By IMRAN CHAUDHRY
While the COVID-19 pandemic is waning, the demand for travel nurses and allied professionals is surging once again at Florida’s hospitals. It’s yet another effect of the pandemic on our industry.
As a staffing professional who connects healthcare workers with both permanent and travel positions, I’ve seen overall job volumes increase nationally by 100 percent between March and the end of May. Job orders for OR and ER specialties increased by more than 300 percent in the same time frame.
From the conversations I’ve had lately with hospital administrators and healthcare workers through my work at StaffDNA, I can tell you there are a number of factors, many of which are tied to COVID-19, that are causing this trend.
To begin with, people who avoided hospitals amid the worst of the pandemic are now scheduling needed procedures. It was estimated in a recent study published in the Annals of Surgery that U.S. hospitals lost more than $22 billion in 2020 due to postponed elective surgeries during the pandemic. With vaccinated patients returning to hospitals, there’s an increased demand for travel nurses and technicians specializing in surgical services to help clear the backlog until the requests for surgeries stabilize to a more manageable level.
Hospitals nationwide are working through their surgery backlogs, but Florida is unique in several ways.
The Sunshine State remains a vacation destination. With COVID case rates on the decline, travel to Florida is doing more than recovering. Federal Aviation Administration officials say the number of flights to Florida is actually 10 percent higher than it was at this same time in 2019. These vacationers are seeking treatment in local emergency rooms, as needed, compounding the current demand for OR and ER specialists. In addition to vacationers, Florida also saw an influx in the of number of remote workers amid the pandemic. Combine these elements and I’ve seen job orders for ER positions increase by 300 percent in Florida and by 900 percent in Orlando from March to the end of May.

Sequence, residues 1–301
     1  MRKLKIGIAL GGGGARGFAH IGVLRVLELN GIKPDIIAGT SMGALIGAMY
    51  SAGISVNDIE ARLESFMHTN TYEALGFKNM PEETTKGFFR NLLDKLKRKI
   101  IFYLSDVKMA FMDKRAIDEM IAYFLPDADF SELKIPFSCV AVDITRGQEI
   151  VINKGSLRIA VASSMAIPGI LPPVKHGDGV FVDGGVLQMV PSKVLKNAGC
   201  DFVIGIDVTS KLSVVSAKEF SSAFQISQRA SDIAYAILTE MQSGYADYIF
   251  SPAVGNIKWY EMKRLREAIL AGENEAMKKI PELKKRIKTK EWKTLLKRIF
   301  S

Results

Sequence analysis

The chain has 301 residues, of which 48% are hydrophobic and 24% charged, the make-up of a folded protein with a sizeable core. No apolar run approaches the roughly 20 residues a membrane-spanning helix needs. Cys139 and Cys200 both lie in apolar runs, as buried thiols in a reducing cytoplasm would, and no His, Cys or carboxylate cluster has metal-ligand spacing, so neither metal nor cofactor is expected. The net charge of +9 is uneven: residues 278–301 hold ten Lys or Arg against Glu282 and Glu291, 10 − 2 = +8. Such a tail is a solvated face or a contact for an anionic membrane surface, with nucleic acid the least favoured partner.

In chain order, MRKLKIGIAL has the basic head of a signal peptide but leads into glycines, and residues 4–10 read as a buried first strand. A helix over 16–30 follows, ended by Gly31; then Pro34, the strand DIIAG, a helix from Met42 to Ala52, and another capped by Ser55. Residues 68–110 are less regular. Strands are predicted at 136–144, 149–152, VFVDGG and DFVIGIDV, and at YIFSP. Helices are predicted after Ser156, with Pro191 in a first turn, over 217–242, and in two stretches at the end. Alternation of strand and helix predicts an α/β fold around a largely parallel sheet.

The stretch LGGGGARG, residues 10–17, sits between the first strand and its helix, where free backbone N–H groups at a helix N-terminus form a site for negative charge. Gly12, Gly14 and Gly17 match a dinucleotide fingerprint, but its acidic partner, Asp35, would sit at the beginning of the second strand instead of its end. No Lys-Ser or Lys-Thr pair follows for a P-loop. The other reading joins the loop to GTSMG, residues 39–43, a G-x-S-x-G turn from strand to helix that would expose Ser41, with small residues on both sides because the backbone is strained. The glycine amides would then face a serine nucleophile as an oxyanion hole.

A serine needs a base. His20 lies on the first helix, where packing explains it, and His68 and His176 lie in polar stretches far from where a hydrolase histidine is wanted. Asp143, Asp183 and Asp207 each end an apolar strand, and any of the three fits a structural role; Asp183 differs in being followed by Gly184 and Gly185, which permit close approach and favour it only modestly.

Further, Florida’s population of those 65 years of age and older represents roughly a fifth of the state’s overall permanent population. This adds another layer of pressure to the healthcare system. Nursing homes and rehabilitation hospitals are struggling now to compete with acute care hospitals, which can typically offer higher pay packages and incentives, for skilled nurses.
Finally, it’s safe to say that pandemic-related burnout is real. The healthcare workers I’ve spoken with-- who were on the frontlines of the pandemic for 12 to 15 months—are exhausted, both physically and emotionally. They worked long hours while dealing with the emotional stress of caring for patients during a pandemic. Healthcare workers not only witnessed patient deaths; at many times they were the only person by a patient’s side to provide emotional support as they passed.
With COVID positivity and hospitalization rates declining and vaccination rates increasing, they are feeling more comfortable requesting vacation or a leave of absence from their staff job. This is understandable and perfectly human of the “super-human” heroes we call healthcare professionals, but it does mean that staff teams will continue to feel strained as individuals take time to themselves to recharge.
While on a leave of absence, it is likely that some healthcare workers will apply for contract staffing positions around the country. It’s a way to travel to a new city, be closer to family they haven’t seen in over a year, or just try something new.
This is not to say that those healthcare workers will not return to their staff jobs. Many of them will. When they do, they’ll not only be recharged, they’ll likely return to their home hospitals with expanded knowledge.
There are a number of teaching hospitals in Orlando that are excellent for first-time travelers and allow healthcare professionals to learn a new specialty or skillset. These nurses might even have the opportunity to float to a new unit. This benefits not only these individuals, but their permanent teams and the industry overall.
Florida is seeing another surge, but this time it’s not in COVID-19 cases. Rather, it’s in demand for all levels of healthcare workers.
Imran Chaudhry is the vice president of strategic development of StaffDNA, a digital marketplace for travel and permanent healthcare careers. StaffDNA, which launched its app in June 2020 by the same team behind LiquidAgents Healthcare, helps solve staffing needs in more than 2,000 hospitals and healthcare systems in 28 states. You can find out more about StaffDNA at www.staffdna.com